Vous êtes sur la page 1sur 8

Introduction

Wireless electricity or witricity is the transfer of electric energy or power over a


distance without the use of wires. In order for the energy to be transferred safely coupled
resonators are used. Coupled resonators are two objects of the same resonant frequency
that exchange energy efficiently without much leakage. Minimizing energy leakage is
very important because the goal is to have as much energy as possible be transferred from
one object to another. The first experiment to successfully wirelessly transfer energy
consisted of two copper coils that were each a self-resonant system. One of the coils was
connected to an AC power supply and acted as the resonant source. The second coil acted
as the resonant capturing device and was connected to a 60-watt light bulb. The power
source and the capturing device were about 2.5 meters apart and the light bulb was able
to light up. This technology is very useful both in everyday life and for military usage.
An example of a military usage includes sensors on a battlefield that can detect motion.
The sensors would send their information to a base station and the soldiers can use this
information to sense possible attacks. This could give them enough time to move or keep
safe. This would be very beneficial, however; replacing batteries in the sensors can be
dangerous and time consuming. Using witricity there would be no need to replace
batteries because energy could be transferred from one sensor to another. Once a sensor
has reached a predetermined threshold it would shout for help from a neighboring
sensor. If the neighboring sensor had above the determined threshold it would transfer the
necessary amount of energy to the sensor in need. An optimization model has been
created through researching this topic. One optimization solution is as follows; a matrix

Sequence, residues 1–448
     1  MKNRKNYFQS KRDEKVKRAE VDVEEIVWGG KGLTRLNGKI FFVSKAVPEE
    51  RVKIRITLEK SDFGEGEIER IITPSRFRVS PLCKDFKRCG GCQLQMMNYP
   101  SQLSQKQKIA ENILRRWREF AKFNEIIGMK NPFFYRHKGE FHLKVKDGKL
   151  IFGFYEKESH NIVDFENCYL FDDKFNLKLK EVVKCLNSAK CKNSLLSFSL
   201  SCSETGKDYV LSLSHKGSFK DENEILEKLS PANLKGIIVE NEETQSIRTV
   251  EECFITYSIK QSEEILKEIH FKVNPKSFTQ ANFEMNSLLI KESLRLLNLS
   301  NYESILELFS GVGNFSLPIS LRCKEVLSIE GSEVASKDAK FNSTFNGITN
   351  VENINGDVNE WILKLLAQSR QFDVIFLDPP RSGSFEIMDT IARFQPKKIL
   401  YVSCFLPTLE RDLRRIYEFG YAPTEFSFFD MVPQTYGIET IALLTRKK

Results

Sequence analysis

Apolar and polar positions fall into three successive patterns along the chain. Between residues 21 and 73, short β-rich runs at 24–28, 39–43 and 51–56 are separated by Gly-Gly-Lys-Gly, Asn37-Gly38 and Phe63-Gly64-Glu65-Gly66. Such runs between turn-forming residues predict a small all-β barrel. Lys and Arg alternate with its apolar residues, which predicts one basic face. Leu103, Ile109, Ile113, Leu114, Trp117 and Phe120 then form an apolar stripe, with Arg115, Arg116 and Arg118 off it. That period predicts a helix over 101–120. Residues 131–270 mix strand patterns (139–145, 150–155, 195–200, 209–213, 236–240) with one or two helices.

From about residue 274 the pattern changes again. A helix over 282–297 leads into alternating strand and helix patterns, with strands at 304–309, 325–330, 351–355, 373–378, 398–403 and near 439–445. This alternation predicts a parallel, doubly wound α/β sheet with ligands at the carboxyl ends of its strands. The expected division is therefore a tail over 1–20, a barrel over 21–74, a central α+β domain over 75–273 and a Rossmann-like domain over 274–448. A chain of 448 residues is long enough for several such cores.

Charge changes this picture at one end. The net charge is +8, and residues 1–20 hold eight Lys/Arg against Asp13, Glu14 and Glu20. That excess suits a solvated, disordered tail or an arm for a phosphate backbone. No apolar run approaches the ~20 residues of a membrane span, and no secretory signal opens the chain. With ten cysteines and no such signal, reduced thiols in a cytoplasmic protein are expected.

represents the amount of energy to transfer from all WiTricity devices to all WiTricity
devices, which combines multiple power transmissions with multi-hop WiTricity
charging as a response to multiple charging requests. Current research is focusing on
solving various optimization problems on WiTricity charging protocols in wireless sensor
networks. Through the use of the CPLEX program a java simulation will be created in
order to find an optimal way to transfer energy with minimal energy leakage.
Questions to be Addressed
This research is going to address the following questions and hypotheses. What
kinds of optimization problems will be useful to solve in the wireless electricity charging
protocol for wireless sensor networks? How each of the optimization problems can be
modeled using mixed integer programming? How each of the optimization models can be
solved using an optimization tool such as CPLEX? The following assumptions must be
made to further investigate the proposed hypotheses: Each sensor has a wireless sensor in
the device to capture and send wireless electricity. The wireless sensor network is a
multi-hop wireless sensor network; the sensors are expected to be an end node as well as
and intermediate node. Sensors use multi-directional transmission and all the sensors
within the transmission range can be reachable. Sensors will use adjustable transmission
power so that the number of reachable neighbors can be changed for a static network
topology and energy consumption of a sensor can be managed.
Conditions
In order for witricity charging to be able to be used there are some conditions that
are necessary. The first condition necessary is that charging must be able to occur
through physical objects. If the witricity cannot be passed through physical objects then
the charging can only occur in a perfect unobstructed environment. This is not realistic
because there are objects all around us that can interfere with the transmission of the
energy. Research thus far has found that witricity can be transmitted through wood,
gypsum wallboard, plastics, textiles, glass, brick, and concrete. The second condition
necessary is that charging must be safe and not pose any sort of threat or safety hazard to